January 15, 2013
The call of duty beckons…
In Adland, people come and people go. Turnover happens, now more than ever. Without long term incentives employees are not bound. Upheaval in our industry exasperates an already virulent tendency: to keep moving.
Agencies feel the urge as much as individuals. Like a submarine, new crew is necessary to keep the ship going, to keep up with the other subs, to stay fit. While we may feel distraught to see a beloved crewmember leave, it is part of an agency’s lifecycle, inevitable as the tides.
For a long time I was the anomaly. I spent my first 15 years at the venerable Leo Burnett Company in Chicago. I seriously thought I’d never leave. All my vocational dreams were coming true. I had great partners and bosses. I created lots of work, some of it good, some of it even very good. I felt a part of something bigger than myself. Alas, that strong tie didn’t fray. It was severed. A wave of corporate jive crashed over my head and I swam for the doors. For me wanderlust came late and not without a strong kick in the ass.
For a time I looked back in anger -a pointless endeavor and one I don’t recommend. But then I signed on to another ship. And then another. Like you, I was no longer a “company man.” My updated goal was to be of maximum use. Last year, I took the helm at gyro in San Francisco. She is a relatively small ship but with great ambitions and a stellar crew. Our mission is to create humanly relevant ideas, often for clients unaccustomed to them. Of course it’s hard. But I am loyal to this brief and despite the many challenges feel its potential on a daily basis.
I’m looking for good crew: Specifically, an art director with web production capabilities and knowledge of B2B marketing, someone who knows their way around technology-based clients. In addition to, or instead of, we will also consider men and women who create and design content, be it websites or online advertising. Doers in new media are welcome to enlist. Speaking of media, a position also exists for a top strategist. Lead generation. Emerging platforms. You know the drill, call us.
Turnover happens. And we’ve seen our bit. Yet, now it’s time to reload. 2013 started with a new President. Maybe you’re next?
Yes, we will use age-old methods to fill these positions. But I’m trying a newer one. Hell, if I find one great recruit this blog will have been worth it. In the oddly timeless words of Van Halen’s David Lee Roth, “Change, nothin’ stays the same/ Unchained, ya hit the ground running.”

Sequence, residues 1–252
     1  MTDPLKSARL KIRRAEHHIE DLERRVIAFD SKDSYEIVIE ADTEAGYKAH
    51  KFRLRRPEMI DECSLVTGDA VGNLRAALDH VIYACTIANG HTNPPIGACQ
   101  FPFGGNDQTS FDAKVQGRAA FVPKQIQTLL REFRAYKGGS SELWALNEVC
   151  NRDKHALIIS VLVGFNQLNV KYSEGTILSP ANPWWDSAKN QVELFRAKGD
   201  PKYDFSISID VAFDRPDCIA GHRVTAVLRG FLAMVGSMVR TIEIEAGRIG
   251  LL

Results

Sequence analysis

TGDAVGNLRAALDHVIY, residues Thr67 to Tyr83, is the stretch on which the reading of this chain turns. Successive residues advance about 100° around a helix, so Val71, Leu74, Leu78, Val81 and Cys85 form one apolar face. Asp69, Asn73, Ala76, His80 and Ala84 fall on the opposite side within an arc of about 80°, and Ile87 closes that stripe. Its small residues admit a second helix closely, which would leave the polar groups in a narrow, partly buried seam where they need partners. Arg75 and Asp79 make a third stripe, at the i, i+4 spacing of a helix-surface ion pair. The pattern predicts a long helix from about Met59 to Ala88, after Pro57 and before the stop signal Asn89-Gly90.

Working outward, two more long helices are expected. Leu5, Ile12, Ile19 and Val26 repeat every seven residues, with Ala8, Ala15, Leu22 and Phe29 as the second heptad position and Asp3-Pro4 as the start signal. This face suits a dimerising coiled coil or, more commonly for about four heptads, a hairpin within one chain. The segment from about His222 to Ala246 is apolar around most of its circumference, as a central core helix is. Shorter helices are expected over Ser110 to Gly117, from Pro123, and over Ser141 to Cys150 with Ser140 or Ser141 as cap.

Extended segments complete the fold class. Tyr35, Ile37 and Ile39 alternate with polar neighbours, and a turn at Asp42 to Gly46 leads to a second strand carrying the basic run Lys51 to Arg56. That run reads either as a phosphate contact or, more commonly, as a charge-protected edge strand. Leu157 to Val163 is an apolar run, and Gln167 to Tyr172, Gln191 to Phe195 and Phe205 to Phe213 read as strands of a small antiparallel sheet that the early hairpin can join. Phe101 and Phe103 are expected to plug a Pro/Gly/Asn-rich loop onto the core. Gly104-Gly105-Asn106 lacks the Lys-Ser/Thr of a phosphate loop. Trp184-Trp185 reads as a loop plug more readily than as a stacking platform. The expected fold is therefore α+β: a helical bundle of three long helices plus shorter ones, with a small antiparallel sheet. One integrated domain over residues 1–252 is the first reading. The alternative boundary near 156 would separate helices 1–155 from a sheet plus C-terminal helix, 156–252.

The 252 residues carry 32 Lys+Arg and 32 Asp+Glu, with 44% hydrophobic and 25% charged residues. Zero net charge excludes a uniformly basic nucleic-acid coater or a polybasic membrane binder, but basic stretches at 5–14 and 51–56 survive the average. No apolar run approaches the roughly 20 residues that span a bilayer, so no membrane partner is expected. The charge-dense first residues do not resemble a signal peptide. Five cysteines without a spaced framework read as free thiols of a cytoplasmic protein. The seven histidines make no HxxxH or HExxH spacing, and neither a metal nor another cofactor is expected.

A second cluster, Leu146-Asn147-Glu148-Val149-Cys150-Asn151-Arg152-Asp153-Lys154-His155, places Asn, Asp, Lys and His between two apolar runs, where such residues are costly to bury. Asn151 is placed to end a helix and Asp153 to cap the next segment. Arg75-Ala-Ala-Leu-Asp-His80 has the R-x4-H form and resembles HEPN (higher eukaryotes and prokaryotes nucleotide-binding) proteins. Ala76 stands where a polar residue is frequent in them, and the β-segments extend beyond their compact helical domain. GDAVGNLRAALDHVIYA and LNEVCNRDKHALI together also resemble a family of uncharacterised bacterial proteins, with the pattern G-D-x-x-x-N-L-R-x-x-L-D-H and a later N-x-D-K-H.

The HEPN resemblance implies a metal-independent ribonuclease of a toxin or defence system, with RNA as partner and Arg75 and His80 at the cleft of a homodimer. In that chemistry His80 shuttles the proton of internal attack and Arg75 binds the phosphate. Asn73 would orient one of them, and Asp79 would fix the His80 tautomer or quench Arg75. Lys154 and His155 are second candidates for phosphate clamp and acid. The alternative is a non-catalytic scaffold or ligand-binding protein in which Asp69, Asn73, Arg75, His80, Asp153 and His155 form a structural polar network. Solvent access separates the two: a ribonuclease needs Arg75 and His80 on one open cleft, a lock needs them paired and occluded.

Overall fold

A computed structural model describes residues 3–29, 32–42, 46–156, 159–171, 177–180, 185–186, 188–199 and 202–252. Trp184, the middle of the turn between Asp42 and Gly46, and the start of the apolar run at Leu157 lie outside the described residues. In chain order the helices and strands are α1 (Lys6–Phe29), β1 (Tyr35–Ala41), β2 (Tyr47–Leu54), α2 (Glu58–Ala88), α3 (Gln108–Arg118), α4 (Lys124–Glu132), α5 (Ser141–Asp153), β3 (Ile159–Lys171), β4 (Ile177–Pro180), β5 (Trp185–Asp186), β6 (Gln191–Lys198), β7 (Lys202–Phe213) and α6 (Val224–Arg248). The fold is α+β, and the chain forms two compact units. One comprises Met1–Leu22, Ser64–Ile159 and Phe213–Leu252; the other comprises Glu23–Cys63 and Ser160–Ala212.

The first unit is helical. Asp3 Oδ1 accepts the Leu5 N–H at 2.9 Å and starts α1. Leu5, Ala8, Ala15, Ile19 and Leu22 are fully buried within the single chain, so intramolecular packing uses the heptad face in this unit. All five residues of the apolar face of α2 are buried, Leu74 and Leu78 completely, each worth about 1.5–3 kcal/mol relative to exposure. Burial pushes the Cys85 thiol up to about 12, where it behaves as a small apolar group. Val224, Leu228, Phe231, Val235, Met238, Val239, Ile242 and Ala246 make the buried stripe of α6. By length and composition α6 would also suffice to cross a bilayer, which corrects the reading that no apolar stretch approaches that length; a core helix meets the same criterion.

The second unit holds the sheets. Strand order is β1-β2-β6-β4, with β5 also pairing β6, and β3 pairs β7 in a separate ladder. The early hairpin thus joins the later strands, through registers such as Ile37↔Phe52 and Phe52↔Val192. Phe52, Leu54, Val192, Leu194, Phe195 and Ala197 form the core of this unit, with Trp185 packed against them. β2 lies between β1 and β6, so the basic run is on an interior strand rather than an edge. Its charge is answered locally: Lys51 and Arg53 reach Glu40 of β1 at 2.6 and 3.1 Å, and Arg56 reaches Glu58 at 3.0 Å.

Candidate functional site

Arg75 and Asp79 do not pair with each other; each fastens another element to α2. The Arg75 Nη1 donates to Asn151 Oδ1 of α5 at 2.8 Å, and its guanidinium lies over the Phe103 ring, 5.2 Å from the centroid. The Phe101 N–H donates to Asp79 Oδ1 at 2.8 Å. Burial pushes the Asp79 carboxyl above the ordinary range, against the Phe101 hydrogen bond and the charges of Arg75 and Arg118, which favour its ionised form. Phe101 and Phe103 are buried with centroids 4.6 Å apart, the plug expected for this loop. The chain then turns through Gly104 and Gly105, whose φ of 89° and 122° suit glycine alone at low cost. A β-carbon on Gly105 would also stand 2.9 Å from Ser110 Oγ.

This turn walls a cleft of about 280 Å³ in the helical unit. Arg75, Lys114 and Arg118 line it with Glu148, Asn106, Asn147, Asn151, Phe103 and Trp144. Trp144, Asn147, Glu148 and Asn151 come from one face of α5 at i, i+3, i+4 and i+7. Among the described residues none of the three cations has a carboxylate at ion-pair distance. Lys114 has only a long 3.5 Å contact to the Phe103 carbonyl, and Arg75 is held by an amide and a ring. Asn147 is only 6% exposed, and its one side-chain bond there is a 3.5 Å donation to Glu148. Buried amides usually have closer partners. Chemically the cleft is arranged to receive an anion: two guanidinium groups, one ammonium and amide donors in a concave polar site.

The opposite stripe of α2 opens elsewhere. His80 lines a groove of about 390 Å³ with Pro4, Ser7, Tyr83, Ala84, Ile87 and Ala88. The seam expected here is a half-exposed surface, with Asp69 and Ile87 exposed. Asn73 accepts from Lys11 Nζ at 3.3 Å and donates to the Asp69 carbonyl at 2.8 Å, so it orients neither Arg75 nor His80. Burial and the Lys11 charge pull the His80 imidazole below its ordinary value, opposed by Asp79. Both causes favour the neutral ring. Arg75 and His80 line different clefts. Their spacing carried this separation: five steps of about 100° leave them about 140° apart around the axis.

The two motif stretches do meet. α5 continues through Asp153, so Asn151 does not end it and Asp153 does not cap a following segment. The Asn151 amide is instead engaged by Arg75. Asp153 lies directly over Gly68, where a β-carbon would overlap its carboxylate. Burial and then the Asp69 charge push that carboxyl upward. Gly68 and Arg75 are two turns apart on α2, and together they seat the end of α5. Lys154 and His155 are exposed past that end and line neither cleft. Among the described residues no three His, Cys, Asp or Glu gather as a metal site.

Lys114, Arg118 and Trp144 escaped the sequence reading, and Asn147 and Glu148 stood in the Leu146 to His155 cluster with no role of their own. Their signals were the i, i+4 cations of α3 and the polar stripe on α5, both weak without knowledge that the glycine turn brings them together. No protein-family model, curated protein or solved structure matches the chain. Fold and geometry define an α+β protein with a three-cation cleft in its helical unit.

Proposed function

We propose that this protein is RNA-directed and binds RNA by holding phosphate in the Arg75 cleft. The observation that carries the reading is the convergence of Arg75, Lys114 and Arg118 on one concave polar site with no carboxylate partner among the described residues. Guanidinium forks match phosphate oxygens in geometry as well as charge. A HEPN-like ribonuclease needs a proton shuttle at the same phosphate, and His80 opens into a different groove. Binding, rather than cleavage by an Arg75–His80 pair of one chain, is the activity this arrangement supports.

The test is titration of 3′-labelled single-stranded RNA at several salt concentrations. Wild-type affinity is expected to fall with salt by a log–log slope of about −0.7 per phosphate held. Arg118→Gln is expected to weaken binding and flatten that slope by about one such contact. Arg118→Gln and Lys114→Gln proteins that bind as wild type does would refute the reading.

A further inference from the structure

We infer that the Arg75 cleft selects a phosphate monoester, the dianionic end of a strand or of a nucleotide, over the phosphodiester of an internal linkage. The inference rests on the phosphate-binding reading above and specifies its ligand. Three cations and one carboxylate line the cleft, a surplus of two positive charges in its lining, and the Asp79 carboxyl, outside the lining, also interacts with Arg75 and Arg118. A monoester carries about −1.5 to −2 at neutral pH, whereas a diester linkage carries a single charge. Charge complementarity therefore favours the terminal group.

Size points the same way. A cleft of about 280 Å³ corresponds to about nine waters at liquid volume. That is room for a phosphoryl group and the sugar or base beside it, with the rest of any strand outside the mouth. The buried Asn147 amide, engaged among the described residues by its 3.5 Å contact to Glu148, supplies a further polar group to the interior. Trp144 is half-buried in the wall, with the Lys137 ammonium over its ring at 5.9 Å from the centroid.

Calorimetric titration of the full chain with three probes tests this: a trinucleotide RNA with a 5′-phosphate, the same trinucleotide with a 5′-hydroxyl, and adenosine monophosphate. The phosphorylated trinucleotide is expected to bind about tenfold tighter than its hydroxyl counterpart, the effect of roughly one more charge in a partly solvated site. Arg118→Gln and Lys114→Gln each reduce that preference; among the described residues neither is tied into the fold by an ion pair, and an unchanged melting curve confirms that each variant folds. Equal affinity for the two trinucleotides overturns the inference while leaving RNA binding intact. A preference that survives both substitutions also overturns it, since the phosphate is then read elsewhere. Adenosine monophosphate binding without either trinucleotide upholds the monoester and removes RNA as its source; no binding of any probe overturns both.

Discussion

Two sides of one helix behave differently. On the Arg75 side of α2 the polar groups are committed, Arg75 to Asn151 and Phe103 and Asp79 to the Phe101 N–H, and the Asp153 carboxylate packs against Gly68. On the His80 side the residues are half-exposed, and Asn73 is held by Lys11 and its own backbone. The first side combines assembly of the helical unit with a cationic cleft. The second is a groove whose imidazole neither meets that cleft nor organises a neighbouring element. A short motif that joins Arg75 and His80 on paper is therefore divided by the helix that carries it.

Interested? Hit me up on Linkedin.
April 11, 2011
They still post an occasional story about ads, under the category of “Agency.” They still have that little rascal, Ad Freak, God bless him.
But mostly Adweek is no longer about advertising. According to the new man in charge, Michael Wolff, it’s all about media. In his words, the media industry is “undergoing one of the greatest examples of modern industrial transformation… This is the opportunity we have (with Adweek) to not only be great for the media business, (but also) put ourselves in the sweet spot of what we’re covering.”
And so the edgy alternative to Advertising Age has now become an online magazine primarily serving the media. That means stories about “up-fronts” and “cable contracts;” companies like Viacom and Comcast; people like Glenn Beck and Rupert Murdoch.
It also means I will no longer be reading it. And I suspect most of you won’t be either. The fact of the matter is I just don’t care about that stuff. And neither do you.
Wolff’s no idiot, however. He’s not throwing the baby out with the bathwater. He’s just putting Advertising in its place, which is somewhere in the corner, ironically where media used to be. Wolff’s as aware of the all the “death of advertising” talk as we are. And he’s acting on it. Of course I hope he’s wrong. It’s certainly possible. After all the name of the show is Mad Men not Media Men. Yet, we already know his rebuttal: Mad Men is about then. This is about now.
It’s not like Adweek never covered the media. Back when the magazine was made of paper they ran a story or two about new TV shows and rating points. But we never read them. We looked for news about agencies and ad campaigns. We wondered what Barbara Lippert had in store. My favorite items were those dealing with agency pitches, often detailed like a sporting page, with favorites and dark horses. I loved that. Many of us rifled through the pages looking (hopefully and fearfully) for coverage about our agency and our work. If something we did was written about that meant something for the scrapbooks, something to send to Mom. It also meant our stars were rising or, God forbid, falling. Either way, Adweek was a must-read, one of the first things we did upon entering our offices on Monday morning.
But like the ‘agency memo’ or TV reels and BETA, it’s now history. For advertising news, we scroll through our favorite blogs, check Tweetdeck or Facebook. Maybe some of us don’t even bother at all.
There is still the venerable Advertising Age. One assumes Wolff’s vision of Adweek brings tears of joy to the editors of AdAge. But also apprehension. Any good editor will tell you a competitive publication is good for both parties. But then that’s J-school talk and last I checked newspapers were getting thinner and thinner, with even online versions struggling in the face of social media. Most schools don’t even call it Journalism anymore, favoring terms like “Integrated Media Training.” A fitting way to end this story, eh?